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Only 4.5 gigs on a TDK 4.7 Gb DVD+R ... ?!


Only 4.5 gigs on a TDK 4.7 Gb DVD+R ... ?!

Postby sebmex on Fri Sep 30, 2005 5:12 am


how comes Nero tells me that less than 4.5 gigs are available for burning ?

thanks for the help

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Postby Wesociety on Fri Sep 30, 2005 12:05 pm

Q: What is the capacity of a DVD disc? Is it 4.7 GB or is it 4.38 GB?
A: Technically, a blank single-layer DVD disc is 4.7 GB in size, which is equal to 4.38 GiB. GB and GiB are actually different units of measurement, and the confusion comes from the fact that "GiB" is very often mislabeled as "GB". This page explains what the difference is.
- For single-layer discs, it is 4,700,372,992 - 4,707,319,808 bytes (about 4,482 - 4,489 MiB or 4.38 GiB).
- For double-layer discs, it is 8,547,991,552 bytes (about 8,152 MiB or 7.96 GiB).
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Postby burninfool on Fri Sep 30, 2005 9:40 pm

That's the first time I've seen MiB or GiB.
In the computer world 1 KB data = 1024 bytes so 4 700 000 000 bytes / 1024 = 4 589 843KB / 1024 = 4482MB / 1024 = 4.37GB.
DVD+R/DVD+RW/DVD+R DL and DVD-R/DVD-RW exact sizes:
DVD-R/DVD-RW = 4 706 074 624 bytes ( 4488 MB or 4.38GB )
DVD+R/DVD+RW = 4 700 372 992 bytes ( 4482 MB or 4.37GB)
DVD+R DL = 8 547 993 600 bytes ( 8152 MB or 7.96GB)

It's a marketing trick just as a "120GB" HDD(120,000,000,000 bytes) is actually 111GB.
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Postby dodecahedron on Sat Oct 01, 2005 12:03 am

this has been discussed/argued many times.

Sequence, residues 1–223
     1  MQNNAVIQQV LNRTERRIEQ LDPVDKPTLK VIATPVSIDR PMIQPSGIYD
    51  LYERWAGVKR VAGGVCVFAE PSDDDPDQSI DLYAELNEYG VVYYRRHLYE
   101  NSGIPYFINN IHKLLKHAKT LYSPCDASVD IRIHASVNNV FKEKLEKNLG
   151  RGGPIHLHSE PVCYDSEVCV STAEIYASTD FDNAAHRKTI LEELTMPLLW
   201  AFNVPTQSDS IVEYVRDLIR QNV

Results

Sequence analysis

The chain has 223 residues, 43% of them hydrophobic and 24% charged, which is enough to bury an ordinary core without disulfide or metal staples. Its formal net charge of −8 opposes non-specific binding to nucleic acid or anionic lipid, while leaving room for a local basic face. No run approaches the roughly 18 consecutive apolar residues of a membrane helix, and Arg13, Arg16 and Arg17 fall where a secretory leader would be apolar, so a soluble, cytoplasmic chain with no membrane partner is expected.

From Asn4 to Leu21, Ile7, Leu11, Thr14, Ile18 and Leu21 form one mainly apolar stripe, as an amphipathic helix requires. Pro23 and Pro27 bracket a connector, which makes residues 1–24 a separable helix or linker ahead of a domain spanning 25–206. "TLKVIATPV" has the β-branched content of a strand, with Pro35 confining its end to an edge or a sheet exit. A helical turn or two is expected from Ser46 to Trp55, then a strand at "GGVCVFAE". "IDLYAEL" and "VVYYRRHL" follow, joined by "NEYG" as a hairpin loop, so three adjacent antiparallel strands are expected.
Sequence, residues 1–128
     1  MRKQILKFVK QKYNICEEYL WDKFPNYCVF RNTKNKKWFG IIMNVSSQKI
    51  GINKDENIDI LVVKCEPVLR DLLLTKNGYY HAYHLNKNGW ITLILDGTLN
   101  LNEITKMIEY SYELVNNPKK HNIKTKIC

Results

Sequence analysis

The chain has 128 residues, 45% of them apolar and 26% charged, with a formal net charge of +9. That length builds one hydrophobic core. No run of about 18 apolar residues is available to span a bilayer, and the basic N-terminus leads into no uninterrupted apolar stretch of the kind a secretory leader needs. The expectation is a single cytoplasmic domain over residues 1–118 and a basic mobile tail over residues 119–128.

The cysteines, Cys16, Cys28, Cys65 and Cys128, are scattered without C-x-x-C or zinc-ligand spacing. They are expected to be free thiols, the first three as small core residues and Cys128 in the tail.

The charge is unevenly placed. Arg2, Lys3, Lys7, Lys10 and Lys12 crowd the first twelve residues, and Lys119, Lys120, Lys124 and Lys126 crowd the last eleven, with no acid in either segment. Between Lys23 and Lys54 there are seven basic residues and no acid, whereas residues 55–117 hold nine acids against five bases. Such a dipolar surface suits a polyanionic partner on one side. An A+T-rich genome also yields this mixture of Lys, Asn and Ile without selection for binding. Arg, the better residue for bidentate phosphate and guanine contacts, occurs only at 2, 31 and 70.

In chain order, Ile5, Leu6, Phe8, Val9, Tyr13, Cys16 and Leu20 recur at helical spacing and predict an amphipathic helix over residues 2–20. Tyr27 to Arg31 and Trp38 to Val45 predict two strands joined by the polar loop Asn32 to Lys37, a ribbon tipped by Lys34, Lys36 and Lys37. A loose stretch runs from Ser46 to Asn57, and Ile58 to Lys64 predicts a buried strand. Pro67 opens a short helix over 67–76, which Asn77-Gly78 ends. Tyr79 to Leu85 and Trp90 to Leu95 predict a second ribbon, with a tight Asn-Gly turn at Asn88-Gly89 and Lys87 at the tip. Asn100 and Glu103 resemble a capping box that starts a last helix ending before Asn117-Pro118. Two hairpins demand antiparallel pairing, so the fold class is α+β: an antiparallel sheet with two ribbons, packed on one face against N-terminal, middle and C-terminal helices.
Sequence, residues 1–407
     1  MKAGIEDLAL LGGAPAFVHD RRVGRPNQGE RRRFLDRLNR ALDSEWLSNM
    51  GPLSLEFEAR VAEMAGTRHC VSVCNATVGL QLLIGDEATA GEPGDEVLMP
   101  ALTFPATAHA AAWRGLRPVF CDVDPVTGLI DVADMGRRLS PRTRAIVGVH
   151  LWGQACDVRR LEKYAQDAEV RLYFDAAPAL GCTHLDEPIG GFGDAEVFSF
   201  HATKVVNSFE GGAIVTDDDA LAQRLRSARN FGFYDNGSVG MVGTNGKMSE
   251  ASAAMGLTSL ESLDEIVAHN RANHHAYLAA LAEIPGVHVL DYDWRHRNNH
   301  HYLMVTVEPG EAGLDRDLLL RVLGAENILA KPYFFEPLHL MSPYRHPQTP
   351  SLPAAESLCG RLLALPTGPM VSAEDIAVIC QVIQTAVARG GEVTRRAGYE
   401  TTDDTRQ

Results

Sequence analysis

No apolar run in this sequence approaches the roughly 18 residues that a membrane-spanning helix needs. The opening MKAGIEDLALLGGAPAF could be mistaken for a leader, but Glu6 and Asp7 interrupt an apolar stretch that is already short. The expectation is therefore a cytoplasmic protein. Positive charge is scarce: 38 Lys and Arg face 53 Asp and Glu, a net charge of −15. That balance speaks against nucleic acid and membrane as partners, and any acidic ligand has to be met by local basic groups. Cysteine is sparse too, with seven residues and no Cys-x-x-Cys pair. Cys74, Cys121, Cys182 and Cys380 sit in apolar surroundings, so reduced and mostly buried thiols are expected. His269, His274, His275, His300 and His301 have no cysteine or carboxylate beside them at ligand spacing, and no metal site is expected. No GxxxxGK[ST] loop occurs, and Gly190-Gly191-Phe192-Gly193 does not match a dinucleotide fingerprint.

"in the computer world" is an amorphous description.

to an Assembler programmer 1K=1024, 1M=1024^2 etc.
beyond that, nothings is clear. 1K is sometimes 1024 sometimes 1000.
too bad, that's just the way it is.
One Ring to rule them all, One Ring to find them,
One Ring to bring them all and in the darkness bind them
In the land of Mordor, where the Shadows lie
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Postby MediumRare on Sat Oct 01, 2005 9:38 am

I'm with wesociety on this one!
burninfool wrote:That's the first time I've seen MiB or GiB.

Well I've been using them since I became aware that binary mulitpliers exist.

Frankly, this is something I feel very strongly about.

Although I now live in Germany, I grew up with feet, inches and miles etc. so non-decimal conversion factors are a nuisance, but "normal".

What bugs me more is the use of one name for different quantities. Example: nautical and statutory miles; various kinds of ounces; US vs. Imperial gallon; long, short and metric tons (and an english "horsepower" is not quite the same as a german "Pferdestärke"). Even more insidious- in the US a "billion" is 1000 million (10^9); in Europe it's a million million (10^12).

It's for this sort of thing that the SI multipiliers were specified. These are decimal multipliers and use for binary quantities may be "customary" for some parts of the computer worls, e.g. storage capacity, but is not standard. It gets worse- the computer world isn't all binary either. You certainly don't specify frequncies with binary multipliers, nor bandwidth or transfer rates. GBit ethernet means 10^9 bit/s, not 2^30.

Maybe there was a reason to tolerate this in the past, but now we have the binary multipliers and we can use them to avoid the confusion. I certainly hope that they will be taught to engineers and computer scientists in the future.

Just because the marketroids use the decimal multipliers doesn't make them wrong: a "120GB" HDD(120,000,000,000 bytes) is not "actually 111GB"- it's actually 111GiB.

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Postby burninfool on Sat Oct 01, 2005 12:13 pm

Mental note to self:
When using binary multipliers think of Girls in Black and Men in Black. :wink:
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